“With no attempt at grandiose, this building may be regarded as an excellent example of modern commercial architecture. Straight forward, efficient – functional, if you like – it is admirably suited for the purpose … it undoubtedly adds an important new architectural contribution to the city of Sydney.”

On its completion, the building was photographed by Max Dupain both inside and out. It was awarded the 1938 Sulman Medal and an Honourable Mention (RAIA NSW).

Hastings Deering himself is said to have “kept a penthouse atop the company headquarters in William Street”. He also had a home at Homebush, a 70-acre farm at Castle Hill and a holiday house in the Blue Mountains.

A new life

Ford motor vehicles were incredibly popular in Australia. At one point, this iconic building – which became known as the City Ford building – was home to the largest individual Ford dealer in the world, handling 7,000 new and 12,000 used cars a year.

While they no longer sell Fords, the Hastings Deering company still exists today and is one of the world’s largest dealers of CAT vehicles. Deering first invested in the heavy earthmoving equipment in 1947.

Ford’s association with the building ended in 2012 when the building was converted into mixed-use commercial and residential occupancy. Its distinctive facade is heritage-listed by the National Trust and the NSW Heritage Council.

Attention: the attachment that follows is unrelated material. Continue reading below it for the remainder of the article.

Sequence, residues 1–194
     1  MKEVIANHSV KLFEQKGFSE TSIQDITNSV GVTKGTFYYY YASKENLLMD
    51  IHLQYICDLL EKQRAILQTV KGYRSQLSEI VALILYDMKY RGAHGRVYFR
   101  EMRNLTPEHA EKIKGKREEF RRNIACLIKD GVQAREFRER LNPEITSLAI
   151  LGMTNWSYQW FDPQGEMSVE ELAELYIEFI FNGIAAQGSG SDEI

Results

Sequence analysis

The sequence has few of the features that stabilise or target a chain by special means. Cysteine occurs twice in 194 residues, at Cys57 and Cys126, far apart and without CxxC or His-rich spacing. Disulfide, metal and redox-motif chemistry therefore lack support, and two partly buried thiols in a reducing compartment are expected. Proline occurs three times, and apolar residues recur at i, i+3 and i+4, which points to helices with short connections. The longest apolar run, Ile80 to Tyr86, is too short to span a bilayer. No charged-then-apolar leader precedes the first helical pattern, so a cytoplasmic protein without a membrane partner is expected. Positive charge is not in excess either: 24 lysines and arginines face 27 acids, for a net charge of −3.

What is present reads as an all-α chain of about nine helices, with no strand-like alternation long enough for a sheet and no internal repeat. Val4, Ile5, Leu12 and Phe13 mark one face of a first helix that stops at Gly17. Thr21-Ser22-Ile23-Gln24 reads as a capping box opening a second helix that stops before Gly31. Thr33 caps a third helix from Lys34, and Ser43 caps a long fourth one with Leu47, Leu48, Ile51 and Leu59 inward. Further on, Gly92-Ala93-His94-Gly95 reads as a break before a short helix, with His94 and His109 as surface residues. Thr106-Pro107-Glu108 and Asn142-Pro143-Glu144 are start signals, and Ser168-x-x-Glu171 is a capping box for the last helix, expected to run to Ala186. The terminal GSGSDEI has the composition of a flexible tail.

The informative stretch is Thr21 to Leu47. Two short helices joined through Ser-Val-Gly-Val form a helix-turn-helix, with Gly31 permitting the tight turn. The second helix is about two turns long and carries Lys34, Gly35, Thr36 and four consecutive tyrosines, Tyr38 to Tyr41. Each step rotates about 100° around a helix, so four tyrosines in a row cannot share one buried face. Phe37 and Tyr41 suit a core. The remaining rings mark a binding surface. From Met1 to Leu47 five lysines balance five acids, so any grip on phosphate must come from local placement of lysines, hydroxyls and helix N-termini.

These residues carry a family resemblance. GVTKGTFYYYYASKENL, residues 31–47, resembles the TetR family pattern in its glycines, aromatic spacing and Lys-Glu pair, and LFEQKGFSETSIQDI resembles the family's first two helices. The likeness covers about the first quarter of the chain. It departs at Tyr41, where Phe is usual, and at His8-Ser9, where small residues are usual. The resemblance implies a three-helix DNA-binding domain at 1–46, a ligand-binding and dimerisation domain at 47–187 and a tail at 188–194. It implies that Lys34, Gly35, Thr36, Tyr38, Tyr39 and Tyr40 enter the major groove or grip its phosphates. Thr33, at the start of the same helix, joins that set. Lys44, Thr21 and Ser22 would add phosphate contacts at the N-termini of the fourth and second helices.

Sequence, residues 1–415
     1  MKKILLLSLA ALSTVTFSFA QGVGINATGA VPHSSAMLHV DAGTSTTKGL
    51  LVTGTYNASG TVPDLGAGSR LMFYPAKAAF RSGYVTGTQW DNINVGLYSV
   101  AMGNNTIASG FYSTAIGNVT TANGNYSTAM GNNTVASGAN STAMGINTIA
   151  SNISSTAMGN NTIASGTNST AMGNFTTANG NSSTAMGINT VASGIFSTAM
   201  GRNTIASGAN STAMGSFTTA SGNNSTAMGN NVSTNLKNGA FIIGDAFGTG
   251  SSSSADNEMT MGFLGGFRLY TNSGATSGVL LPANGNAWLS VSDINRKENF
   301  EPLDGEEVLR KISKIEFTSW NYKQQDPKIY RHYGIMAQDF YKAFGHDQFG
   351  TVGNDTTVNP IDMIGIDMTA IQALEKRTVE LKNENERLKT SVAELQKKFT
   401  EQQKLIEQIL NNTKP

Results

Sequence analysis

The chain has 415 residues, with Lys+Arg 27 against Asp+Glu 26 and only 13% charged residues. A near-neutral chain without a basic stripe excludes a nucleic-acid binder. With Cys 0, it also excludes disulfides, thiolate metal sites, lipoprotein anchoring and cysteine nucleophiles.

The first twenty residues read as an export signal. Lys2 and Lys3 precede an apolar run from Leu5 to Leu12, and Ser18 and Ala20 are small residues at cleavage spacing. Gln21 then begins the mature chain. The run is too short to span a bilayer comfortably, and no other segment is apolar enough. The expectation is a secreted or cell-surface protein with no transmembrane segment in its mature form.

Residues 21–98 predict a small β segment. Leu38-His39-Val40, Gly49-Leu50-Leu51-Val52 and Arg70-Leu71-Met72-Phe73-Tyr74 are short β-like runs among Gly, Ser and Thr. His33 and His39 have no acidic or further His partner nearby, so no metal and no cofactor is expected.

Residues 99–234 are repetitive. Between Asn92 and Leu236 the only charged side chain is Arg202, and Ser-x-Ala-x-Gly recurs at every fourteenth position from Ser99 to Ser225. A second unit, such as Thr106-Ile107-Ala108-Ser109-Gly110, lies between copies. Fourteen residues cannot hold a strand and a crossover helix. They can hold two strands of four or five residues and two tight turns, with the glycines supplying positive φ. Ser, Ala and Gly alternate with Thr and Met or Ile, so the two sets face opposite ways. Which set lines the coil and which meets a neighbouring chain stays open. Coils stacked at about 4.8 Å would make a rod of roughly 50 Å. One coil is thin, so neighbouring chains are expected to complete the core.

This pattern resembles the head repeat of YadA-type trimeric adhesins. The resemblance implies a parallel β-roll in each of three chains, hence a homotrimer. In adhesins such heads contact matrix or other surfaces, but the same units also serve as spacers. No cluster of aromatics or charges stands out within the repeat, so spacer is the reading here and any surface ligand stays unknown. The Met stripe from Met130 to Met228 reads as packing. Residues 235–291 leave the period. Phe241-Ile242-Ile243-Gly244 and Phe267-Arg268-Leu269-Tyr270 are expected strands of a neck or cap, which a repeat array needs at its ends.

Alongside 22 apartments, which are accessed from a private entrance on Riley Street, it is also home to East Sydney Private Hospital, Wilson Parking and a Woolworths supermarket.

A unique offering: The Riley Apartments

We’re proud to be offering the redeveloped Riley Apartments to market. Their history, distinct chic industrial design and legacy mean no two loft-style apartments are the same.

Each has been individually redesigned to offer a unique blend of luxurious modern comforts and the character of heritage charm. All offer oak floorboards, and an abundance of storage space complemented by private courtyards and open-air terraces, most with secure undercover parking and storage cages. Each apartment offers high ceilings, art deco touches and great finishes. Some also have amazing views of the harbour and city.

The unbeatable location on the eastern city fringe –  just moments to the Botanic Gardens, the harbour foreshore and the pubs and restaurants of Woolloomooloo – provides huge lifestyle appeal and a quintessential inner city experience. 

You can see how bespoke and different each two-bedroom, two-bathroom unit is, by inspecting apartment 601, apartment 703 or the double-storey apartment 714. There are also stunning city views from apartment 501, an oversized one-bedroom plus study unit.

If you’re interested in making The Riley Apartments your home, get in touch today.

Article by Jason Boon

In a real estate market that is the focus of Australian, and indeed worldwide attention, Jason Boon's results in the Sydney scene make him a highly significant figure within the industry. A long-term specialist in the Potts Point and inner eastern suburbs area, he is uniquely placed to leverage his skills and local knowledge as the area undergoes significant change and diversification. Jason ha…